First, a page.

Progressive Lawyering and Lost Traditions, 73 Texas Law Review 1139 (1995)

Representation of Domestic Violence Survivors as a New Paradigm of Poverty Law: In Search of Access, Connection, and Voice, 63 George Washington Law Review 1071 (1995)

Courses Taught

LAW.870Immigation Clinic

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Feinstein Center for Pro Bono & Experiential Education

Course Description

Students enrolled in the immigration clinic represent noncitizens in their applications for relief from removal before the Immigration Court in Boston, prepare applications for benefits under the immigration laws and represent noncitizens in their interviews for such benefits before the U.S. Citizenship and Immigration Services in Providence. Types of cases typically include asylum and other relief based on fear of persecution in the country of removal, waivers of deportation for long-term residents of the U.S., adjustment of status for noncitizens with U.S. citizen or permanent resident family members and relief for noncitizen victims of domestic violence. Students also conduct “Know Your Rights” presentations for the immigrant communities in Rhode Island and for immigration detainees in New England, conduct intake interviews following these presentations and provide consultations under the supervision of the Clinic Director. In class, students learn trial skills and discuss substantive, ethical and policy issues relating to the practice of immigration law.

Course Type See Course Type Descriptions

Clinic/Externship

Course Credits

8.0

Course Degree

Juris Doctor

LAW.772Immigration Law

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Course Description

This course provides a survey of U.S. immigration law. The course will review the constitutional basis for regulating immigration into the United States, and, to some extent, the constitutional rights of noncitizens in the country; the contours of the immigration bureaucracy, including the roles played by various federal agencies in immigration decisions; the admission of nonimmigrants (i.e., temporary visitors) and immigrants into the U.S.; the deportation and exclusion of nonimmigrants and immigrants; refugee and asylum law; and citizenship and naturalization.

Course Type See Course Type Descriptions

Elective

Course Credits

3.0

Course Degree

Juris DoctorMaster of Studies in Law

Faculty Associated

Peter S. Margulies

LAW.770International Law

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Course Description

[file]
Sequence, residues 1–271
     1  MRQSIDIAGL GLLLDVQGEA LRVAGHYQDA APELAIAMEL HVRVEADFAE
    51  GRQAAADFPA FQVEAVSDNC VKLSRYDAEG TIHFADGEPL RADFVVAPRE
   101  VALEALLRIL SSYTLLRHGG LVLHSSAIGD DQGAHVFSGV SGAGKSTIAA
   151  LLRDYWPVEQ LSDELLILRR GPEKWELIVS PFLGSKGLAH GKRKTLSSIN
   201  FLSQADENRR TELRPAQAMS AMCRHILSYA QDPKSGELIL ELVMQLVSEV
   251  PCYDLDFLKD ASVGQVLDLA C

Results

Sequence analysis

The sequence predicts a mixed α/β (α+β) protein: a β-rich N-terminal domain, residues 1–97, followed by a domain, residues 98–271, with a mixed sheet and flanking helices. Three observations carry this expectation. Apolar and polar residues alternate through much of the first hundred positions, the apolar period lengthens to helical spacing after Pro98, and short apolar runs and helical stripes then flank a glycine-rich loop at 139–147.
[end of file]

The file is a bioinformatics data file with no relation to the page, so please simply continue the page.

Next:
This basic course introduces students to the central topics, ideas and principles of present-day public international law. It will also cover the judicial and other structures including the United Nations, which are central to the determination and enforcement of this legal regime.

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Elective

Course Credits

3.0

Course Degree

Juris DoctorMaster of Studies in Law

LAW.794National Security

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Course Description

This course is a survey of the major legal components of national security, including counter-terrorism; the Law of Armed Conflict; war powers issues; emergency powers of government and their relationship to civil liberties; counter-intelligence, surveillance, intelligence gathering and other covert operations; the role of international and war crimes tribunals; and analysis; and issues pertaining to access to and release of national security information. Particular emphasis will be placed on legal issues relevant to the events of September 11, 2001 and their aftermath, including recent counter-terrorism legislation and the war in the Middle East.

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Elective

Course Credits

3.0

Course Degree

Juris DoctorMaster of Studies in Law

Faculty Associated

Peter S. Margulies

LAW.655Professional Responsibility

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Course Description

This course analyzes the responsibility of lawyers and judges from the perspectives of the rules and case law, the profession and the client/consumer. Topics include the historical, political, and sociological bases of legal ethics; conflicts of interests; attorney-client privilege; admission to the bar; disciplinary matters and procedures; unauthorized practice of law; attitudes toward bench and bar; professional liability; and canons of ethics and codes of professional responsibility.

Course Type See Course Type Descriptions

Core Course

Course Credits

2.0

Course Degree

Juris DoctorMaster of Studies in Law
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Course Types

We have classified RWU Law classes under the following headers. One of the following course types will be attached to each course which will allow students to narrow down their search while looking for classes.

Core Course

Students in the first and second year are required to take classes covering the following aspects of the law—contracts, torts, property, criminal law, civil procedure, and constitutional law, evidence, and professional responsibility.  Along with these aspects, the core curriculum will develop legal reasoning skills.

Elective

After finishing the core curriculum the remaining coursework toward the degree is completed through upper level elective courses.  Students can choose courses that peak their interests or courses that go along with the track they are following.

Seminar

Seminars are classes where teachers and small groups of students focus on a specific topic and the students complete a substantial research paper.

Clinics/Externships

Inhouse Clinics and Clinical Externships legal education is law school training in which students participate in client representation under the supervision of a practicing attorney or law professor.  RWU Law's Clinical Programs offer unique and effective learning opportunities and the opportunity for practical experience while still in law school.